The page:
20 October 2020
20 October 2020
Jack-o’-lanterns at the ready, folks: the spookiest day of the year is on its way.
Halloween is a total treat for retailers, even in 2020. According to NRF, consumer spending is set to hit $8.05 billion despite the pandemic.
Consumers are more than willing to indulge at this time of year. The likes of candy, decorations and costumes just scratch the surface of the monstrous merchandise on offer, meaning retailers from every sector can get in on the festivities.
This year, the celebrations will undoubtedly be a little more muted. But people will still want something to bring a little fun and festivity to 2020, even if they can’t have the huge haunted house party they had pictured.
The key to winning out over competitors on Halloween is providing a devilishly good customer experience. Read on for our top tips - if you dare...
Short on time? Watch this video summary instead!
Holidays like this are what the phrase “experiential retail” was made for.
Half the enjoyment of Halloween is in the planning - choosing costumes and decorations, practising elaborate makeup, creating a haunted house worthy of the bravest trick-or-treaters and scaring themselves silly.
Online shopping may be useful, especially with the added stress of social distancing in stores, but the kind of customer who is going to buy Halloween accessories is likely to be looking forward to the thrill and enjoyment of a spooky store display.
And at any rate, Halloween certainly isn’t cancelled: more than 148 million U.S. adults surveyed by NRF plan to participate in Halloween-related activities.
So shoppers are still eager to give retailers their money. But they are wary about the increased risk of shopping in-store during the pandemic, so the tough choice isn’t whether they should spend their money, but rather where they’re going to spend it.
This is why getting in-store experience right is so important for this holiday. When people are overwhelmed with options and not willing to traipse around multiple different stores, what actually gets them through the doors is the offer of something more than just products.
It could be anything from a pumpkin carving workshop to a costume competition - it doesn’t have to be elaborate or expensive, just something fun that makes it worth the customer’s while to enter the store.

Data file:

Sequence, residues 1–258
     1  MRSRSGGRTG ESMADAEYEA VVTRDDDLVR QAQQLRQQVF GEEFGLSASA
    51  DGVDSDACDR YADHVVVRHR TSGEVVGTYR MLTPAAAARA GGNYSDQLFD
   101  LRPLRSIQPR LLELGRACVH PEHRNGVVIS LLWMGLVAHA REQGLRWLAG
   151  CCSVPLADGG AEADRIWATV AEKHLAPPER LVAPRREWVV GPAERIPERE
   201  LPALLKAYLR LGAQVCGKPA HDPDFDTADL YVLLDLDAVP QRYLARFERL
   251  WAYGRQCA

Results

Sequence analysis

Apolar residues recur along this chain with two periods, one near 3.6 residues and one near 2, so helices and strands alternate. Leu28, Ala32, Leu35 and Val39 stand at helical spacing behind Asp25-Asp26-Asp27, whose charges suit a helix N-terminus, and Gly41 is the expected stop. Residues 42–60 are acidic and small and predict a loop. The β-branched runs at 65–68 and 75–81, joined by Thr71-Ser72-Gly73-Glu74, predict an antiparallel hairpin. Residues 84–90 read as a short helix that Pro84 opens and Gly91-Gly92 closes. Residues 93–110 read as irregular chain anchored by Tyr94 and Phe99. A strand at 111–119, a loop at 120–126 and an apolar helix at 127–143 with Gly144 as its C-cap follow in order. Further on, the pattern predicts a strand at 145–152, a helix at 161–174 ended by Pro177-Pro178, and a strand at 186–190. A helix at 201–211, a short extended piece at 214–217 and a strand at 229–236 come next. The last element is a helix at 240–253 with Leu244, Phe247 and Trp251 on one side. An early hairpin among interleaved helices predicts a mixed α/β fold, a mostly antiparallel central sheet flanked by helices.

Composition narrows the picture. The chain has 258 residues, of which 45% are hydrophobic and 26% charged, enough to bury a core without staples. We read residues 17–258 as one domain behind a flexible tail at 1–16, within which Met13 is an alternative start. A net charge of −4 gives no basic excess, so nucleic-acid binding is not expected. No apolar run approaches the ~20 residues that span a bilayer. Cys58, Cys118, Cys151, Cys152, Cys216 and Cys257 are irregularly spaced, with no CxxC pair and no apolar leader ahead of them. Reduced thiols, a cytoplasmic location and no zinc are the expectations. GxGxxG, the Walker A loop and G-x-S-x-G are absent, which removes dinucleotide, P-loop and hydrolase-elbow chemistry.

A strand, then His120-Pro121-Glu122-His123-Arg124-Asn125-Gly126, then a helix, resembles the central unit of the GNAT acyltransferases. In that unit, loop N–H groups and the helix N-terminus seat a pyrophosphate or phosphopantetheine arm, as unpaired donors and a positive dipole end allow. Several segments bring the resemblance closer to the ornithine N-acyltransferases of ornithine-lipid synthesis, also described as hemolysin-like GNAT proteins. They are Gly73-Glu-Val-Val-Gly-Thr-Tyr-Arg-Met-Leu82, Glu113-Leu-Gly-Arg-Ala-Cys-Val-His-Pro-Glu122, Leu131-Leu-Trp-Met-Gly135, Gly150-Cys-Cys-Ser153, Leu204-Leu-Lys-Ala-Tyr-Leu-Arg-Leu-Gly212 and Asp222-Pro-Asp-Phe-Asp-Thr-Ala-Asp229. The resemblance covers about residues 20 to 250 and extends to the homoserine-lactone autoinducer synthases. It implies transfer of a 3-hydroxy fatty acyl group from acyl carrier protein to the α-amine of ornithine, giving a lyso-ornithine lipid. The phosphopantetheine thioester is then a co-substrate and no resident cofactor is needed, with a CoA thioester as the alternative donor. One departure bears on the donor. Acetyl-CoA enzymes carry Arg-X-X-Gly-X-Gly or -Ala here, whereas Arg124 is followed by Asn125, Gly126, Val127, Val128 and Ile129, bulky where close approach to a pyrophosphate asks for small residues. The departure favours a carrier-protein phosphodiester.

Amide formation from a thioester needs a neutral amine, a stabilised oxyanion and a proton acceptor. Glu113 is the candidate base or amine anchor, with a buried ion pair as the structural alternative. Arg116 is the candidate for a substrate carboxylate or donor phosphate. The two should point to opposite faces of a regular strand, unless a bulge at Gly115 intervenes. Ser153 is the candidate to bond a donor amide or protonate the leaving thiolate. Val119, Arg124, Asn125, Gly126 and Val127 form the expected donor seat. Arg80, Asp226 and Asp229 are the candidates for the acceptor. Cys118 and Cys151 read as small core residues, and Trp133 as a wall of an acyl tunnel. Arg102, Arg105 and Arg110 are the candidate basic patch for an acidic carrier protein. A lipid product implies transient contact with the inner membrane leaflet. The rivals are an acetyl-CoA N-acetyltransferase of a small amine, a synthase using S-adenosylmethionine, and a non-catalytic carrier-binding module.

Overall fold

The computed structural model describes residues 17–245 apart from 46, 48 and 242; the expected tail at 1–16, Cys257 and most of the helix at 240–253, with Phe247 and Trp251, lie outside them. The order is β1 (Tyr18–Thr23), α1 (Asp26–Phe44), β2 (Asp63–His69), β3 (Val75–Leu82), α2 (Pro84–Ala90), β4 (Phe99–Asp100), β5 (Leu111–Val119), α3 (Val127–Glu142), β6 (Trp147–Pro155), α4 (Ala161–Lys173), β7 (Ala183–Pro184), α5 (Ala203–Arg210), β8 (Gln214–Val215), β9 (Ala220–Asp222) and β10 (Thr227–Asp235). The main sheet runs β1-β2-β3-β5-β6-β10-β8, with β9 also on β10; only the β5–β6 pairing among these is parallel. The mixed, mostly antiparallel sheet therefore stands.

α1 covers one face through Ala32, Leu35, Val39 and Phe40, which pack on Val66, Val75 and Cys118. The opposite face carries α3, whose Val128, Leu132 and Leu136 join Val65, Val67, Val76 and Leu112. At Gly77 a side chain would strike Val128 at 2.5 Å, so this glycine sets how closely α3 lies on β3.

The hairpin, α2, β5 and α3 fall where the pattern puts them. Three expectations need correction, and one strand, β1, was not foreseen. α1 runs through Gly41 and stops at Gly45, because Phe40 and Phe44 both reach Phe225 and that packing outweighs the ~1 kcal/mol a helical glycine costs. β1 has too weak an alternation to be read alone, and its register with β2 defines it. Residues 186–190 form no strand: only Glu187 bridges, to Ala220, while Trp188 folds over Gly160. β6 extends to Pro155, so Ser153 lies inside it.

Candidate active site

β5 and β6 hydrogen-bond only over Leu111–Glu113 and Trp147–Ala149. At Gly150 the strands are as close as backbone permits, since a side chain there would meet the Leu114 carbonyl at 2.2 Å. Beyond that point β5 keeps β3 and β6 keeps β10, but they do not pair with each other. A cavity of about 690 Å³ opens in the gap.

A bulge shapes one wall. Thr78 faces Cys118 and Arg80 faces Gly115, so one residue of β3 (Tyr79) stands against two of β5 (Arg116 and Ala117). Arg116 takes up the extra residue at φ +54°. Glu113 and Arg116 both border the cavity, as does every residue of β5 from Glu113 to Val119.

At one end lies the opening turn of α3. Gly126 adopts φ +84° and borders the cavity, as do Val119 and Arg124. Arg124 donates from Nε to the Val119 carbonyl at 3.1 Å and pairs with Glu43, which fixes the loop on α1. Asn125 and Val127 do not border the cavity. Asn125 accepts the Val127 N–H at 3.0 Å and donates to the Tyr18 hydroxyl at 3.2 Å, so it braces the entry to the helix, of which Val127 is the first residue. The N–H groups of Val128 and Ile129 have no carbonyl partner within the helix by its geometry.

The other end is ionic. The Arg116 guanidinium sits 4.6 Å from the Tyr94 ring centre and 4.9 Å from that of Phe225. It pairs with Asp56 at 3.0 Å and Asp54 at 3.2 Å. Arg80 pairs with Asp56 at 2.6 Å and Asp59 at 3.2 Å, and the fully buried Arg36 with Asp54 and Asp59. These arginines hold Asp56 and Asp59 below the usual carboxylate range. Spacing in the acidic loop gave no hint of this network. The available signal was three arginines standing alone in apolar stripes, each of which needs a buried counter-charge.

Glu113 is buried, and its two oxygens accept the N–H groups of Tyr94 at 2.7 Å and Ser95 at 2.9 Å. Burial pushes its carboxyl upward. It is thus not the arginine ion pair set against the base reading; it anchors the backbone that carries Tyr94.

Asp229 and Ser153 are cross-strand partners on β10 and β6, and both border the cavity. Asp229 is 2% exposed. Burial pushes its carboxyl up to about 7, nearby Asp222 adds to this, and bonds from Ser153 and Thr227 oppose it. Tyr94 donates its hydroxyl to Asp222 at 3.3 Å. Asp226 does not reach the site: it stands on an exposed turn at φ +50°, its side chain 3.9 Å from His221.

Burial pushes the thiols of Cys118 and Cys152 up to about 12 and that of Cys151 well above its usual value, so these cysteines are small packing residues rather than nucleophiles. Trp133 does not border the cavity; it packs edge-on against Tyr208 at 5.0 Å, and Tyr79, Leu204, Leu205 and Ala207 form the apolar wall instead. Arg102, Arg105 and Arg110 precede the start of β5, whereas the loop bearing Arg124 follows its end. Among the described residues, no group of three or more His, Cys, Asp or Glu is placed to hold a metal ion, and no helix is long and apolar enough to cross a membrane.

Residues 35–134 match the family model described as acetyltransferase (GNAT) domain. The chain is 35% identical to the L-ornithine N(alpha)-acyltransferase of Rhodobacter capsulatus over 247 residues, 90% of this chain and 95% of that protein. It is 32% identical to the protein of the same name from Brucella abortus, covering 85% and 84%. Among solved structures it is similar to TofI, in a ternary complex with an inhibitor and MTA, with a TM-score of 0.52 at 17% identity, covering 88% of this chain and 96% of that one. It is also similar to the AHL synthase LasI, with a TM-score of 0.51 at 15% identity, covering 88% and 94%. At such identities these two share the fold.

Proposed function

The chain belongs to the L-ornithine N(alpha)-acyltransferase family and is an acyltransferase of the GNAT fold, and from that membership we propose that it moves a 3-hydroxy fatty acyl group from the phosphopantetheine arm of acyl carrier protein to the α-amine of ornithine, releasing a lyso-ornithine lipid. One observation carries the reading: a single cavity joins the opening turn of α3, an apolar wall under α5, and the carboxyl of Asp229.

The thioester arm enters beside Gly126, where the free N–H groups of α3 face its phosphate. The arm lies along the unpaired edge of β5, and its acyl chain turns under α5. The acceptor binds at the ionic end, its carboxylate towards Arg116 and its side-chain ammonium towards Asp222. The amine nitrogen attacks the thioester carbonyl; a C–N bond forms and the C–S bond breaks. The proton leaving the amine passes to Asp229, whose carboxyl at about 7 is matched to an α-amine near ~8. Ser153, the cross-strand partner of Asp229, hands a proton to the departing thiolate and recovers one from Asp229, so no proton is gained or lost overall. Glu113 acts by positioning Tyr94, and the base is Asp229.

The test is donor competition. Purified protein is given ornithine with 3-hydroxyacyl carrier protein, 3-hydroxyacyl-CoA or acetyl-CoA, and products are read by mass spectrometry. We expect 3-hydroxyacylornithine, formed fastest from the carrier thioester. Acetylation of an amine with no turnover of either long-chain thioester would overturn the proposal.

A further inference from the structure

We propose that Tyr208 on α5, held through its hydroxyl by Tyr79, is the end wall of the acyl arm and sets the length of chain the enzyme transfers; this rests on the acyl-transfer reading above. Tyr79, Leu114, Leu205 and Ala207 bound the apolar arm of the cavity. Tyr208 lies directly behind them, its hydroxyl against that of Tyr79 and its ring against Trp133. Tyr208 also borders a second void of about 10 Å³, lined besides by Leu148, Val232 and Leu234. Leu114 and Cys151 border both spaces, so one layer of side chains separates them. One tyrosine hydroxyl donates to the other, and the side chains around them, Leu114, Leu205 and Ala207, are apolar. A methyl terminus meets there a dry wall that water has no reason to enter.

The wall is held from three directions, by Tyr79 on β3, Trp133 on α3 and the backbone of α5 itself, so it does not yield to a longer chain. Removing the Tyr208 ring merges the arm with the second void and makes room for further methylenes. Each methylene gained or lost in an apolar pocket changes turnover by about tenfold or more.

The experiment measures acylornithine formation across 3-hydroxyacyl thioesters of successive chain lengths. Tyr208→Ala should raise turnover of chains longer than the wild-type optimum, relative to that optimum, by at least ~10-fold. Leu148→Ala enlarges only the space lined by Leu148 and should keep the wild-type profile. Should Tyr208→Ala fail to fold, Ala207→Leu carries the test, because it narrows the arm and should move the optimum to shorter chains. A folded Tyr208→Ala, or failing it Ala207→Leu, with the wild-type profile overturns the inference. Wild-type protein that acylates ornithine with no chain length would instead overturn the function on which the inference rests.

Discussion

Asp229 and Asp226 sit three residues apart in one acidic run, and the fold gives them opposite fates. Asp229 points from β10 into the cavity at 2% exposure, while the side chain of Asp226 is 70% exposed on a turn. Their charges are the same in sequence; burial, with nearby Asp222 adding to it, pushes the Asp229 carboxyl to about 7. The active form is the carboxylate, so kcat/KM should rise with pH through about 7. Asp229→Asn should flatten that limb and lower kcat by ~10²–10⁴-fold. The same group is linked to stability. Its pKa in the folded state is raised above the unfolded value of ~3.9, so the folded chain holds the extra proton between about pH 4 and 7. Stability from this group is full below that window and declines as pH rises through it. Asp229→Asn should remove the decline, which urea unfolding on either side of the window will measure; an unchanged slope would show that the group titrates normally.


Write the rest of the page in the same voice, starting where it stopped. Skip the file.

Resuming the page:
Once you have people in the store you can work on increasing basket size, a task which becomes much easier if they’re already having a great time.
As a holiday rooted in aesthetics and creativity, Halloween gives retailers the chance to really sink their fangs into creating an unforgettable in-store experience.
Anybody can put a few pumpkins and spider’s webs in their store window. In fact, they inevitably will. But thinking outside the box and differentiating yourself from other retailers - like this wicked display from Harrods back in 2011 - will really draw a crowd.
And let’s be honest - after the year we’ve had, we could all do with a little something to lift our spirits.
Bear in mind, though, that if you are going to go crazy with visual merchandising, perfect in-store compliance is absolutely crucial.
If your merchandisers come up with an elaborate concept sure to thrill even the most reluctant of Halloween shoppers, but your store teams don’t implement it properly, the results can be less than spellbinding.
Consumers are discerning, and won’t be impressed by a display that hasn’t been properly executed. The best way to avoid this is by providing stores with clear, accessible digital guidelines and enabling teams to send photos back to HQ to confirm compliance.
As much as we encourage the “more is more” approach with this holiday, the customer journey should remain as straightforward as possible.
We already mentioned that shoppers want to spend less time browsing in the COVID-19 era, and as much fun as it is to choose costumes and decorations, it also has to be quick and easy.
So when planning your Halloween store concept, there should be a method to the madness. Navigating through the store should be more like a fun ghost train ride than a house of horrors!
The main purpose of all this decoration is to get people to buy, meaning shoppers still need to be able to navigate the store easily. Splitting merchandise into different, defined sections steers customers in the right direction, and can even encourage them to browse for longer.
Promotions in particular should be clearly displayed and made to look enticing. Let’s not forget that all of this merchandise is pretty much useless come November 1, so getting rid of inventory is a high priority.
Just follow these simple tricks, and we guarantee that Halloween will be a treat for your customers and your stores!
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